On 1 July 2016, the National Disability Insurance Scheme (NDIS) rollout commenced in Australia, seeking to provide support, both financial and otherwise, to persons with a permanent and significant disability.
Recent case law has highlighted a need for greater clarity around support entitlements for participants in the scheme and their families, particularly where pre-existing disabilities become entangled with further impairments arising out of negligence.
The case: Sharp v Home Care Service of NSW  NSWSC 1319
Sharp v Home Care Service of NSW concerned the approval of a proposed settlement relating to a 25-year-old woman, Tegan Sharp, who was scalded and suffered burns whilst being showered by a carer employed by Home Care Service of NSW.
Ms Sharp was born with cerebral palsy and suffered from lifelong physical and mental disabilities, including blindness and deafness. As a result, Ms Sharp required home care and assistance with funding provided by the NDIS. After the shower incident in October 2012, Ms Sharp claimed she had and would require 'additional care of a gratuitous nature', provided by her immediate family, including her parents.
Ms Sharp, through her litigation guardian, and Home Care Services of NSW reached agreement on the settlement and an application was made to the Court for approval of the settlement.
Claim by the NDIA
In considering its approval of the settlement, the Supreme Court took into account the fact that the National Disability Insurance Agency (NDIA) had served a notice on Ms Sharp requiring repayment of funds that she had received under the NDIS from her settlement payment. The NDIA provided various estimated amounts, ranging between $30,000 and $136,000, for what it considered to be the payback owing to it.
In respect of the claim by the NDIA, the Court noted that any compensation awarded to Ms Sharp was not for an 'impairment' that the NDIS had previously provided financial support for. The Court considered that the care claimed related to emotional distress and the need for parental presence and support when being showered, due to Ms Sharp's fears associated with this daily task. Further, at , the Court noted that:
The parents and family of the plaintiff providing gratuitous care can never fit the description of “reasonable and necessary supports funded under the NDIS” and therefore, the sum said to be referable to past payments due to be repaid to the NDIA and any claim for future gratuitous supports provided by the parents and family are unfounded.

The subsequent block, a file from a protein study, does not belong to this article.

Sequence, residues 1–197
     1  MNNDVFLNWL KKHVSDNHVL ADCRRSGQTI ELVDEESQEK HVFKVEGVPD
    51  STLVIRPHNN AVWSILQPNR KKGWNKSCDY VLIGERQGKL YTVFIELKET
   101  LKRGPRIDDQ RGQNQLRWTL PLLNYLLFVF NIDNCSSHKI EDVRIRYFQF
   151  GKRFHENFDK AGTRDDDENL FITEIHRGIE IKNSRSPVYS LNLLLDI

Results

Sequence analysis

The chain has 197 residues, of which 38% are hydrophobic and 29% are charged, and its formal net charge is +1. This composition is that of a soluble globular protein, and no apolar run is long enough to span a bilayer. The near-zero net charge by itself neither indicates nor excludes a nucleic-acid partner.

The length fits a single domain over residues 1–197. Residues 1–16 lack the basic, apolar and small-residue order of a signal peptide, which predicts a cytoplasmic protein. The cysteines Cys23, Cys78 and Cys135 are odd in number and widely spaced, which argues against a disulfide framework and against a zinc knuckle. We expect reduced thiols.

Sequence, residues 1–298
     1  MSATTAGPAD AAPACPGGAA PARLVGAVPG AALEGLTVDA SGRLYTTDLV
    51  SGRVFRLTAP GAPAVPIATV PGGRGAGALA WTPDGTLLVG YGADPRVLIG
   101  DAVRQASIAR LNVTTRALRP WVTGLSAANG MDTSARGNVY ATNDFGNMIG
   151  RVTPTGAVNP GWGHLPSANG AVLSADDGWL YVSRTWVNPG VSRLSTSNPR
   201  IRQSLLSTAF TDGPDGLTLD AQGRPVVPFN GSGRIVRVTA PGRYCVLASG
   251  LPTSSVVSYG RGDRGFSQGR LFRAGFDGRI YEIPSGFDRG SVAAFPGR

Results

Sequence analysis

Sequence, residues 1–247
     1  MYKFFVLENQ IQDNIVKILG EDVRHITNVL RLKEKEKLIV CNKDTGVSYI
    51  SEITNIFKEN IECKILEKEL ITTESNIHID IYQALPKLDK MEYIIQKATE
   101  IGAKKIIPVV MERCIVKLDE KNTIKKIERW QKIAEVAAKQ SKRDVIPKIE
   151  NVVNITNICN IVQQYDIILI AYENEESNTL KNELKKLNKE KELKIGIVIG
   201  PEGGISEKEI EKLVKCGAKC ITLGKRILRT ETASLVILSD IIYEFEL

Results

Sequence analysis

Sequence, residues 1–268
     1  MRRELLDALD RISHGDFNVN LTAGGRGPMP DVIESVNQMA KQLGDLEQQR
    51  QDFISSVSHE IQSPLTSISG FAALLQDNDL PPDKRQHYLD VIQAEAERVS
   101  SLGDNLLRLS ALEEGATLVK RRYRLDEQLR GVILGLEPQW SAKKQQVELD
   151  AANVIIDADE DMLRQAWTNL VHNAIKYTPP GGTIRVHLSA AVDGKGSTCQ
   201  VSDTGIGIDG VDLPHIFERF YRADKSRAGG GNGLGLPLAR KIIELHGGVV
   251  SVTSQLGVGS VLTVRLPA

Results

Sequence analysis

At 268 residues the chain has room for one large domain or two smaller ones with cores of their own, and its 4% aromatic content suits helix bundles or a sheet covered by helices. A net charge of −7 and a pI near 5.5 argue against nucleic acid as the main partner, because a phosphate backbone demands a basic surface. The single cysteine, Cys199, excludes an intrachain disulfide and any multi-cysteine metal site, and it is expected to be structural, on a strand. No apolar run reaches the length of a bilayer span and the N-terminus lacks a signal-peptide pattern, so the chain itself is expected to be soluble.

The settlement was ultimately approved, but the Court also noted that the gratuitous care provided by Ms Sharp's family members fitted the description of "general support", as described by s 33(2) of the National Disability of the Insurance Scheme Act 2013, and as such was not included in NDIS funding and should be excluded from payback. Further, the Court considered that persons with a disability should be able to rely on unfunded, informal supports provided by parents and families in addition to the support funded by the NDIS.
Uncertainty for funding participants in the scheme
Although the Court emphasised that the NDIS, in this instance, did not support a claim by the NDIA and that it should exercise discretion to pursue such repayments, the decision highlights the unexplained and increasing uncertainty as to how much funding participants may be required to pay back to the NDIA following a compensation settlement.
The proceeding further highlights the difficulties the Court faces in considering whether to approve settlement amounts when the NDIA 'refuses to appropriately consider and determine the proper legislatively-sanctioned payback due to it in the circumstances'.